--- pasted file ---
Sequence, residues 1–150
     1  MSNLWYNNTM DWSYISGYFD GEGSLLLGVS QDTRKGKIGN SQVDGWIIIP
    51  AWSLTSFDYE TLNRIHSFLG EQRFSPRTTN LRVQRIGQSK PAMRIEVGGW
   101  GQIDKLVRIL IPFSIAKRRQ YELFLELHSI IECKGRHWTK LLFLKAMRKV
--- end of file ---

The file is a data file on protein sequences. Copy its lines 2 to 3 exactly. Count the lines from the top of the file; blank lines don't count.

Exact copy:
     1  MSNLWYNNTM DWSYISGYFD GEGSLLLGVS QDTRKGKIGN SQVDGWIIIP
    51  AWSLTSFDYE TLNRIHSFLG EQRFSPRTTN LRVQRIGQSK PAMRIEVGGW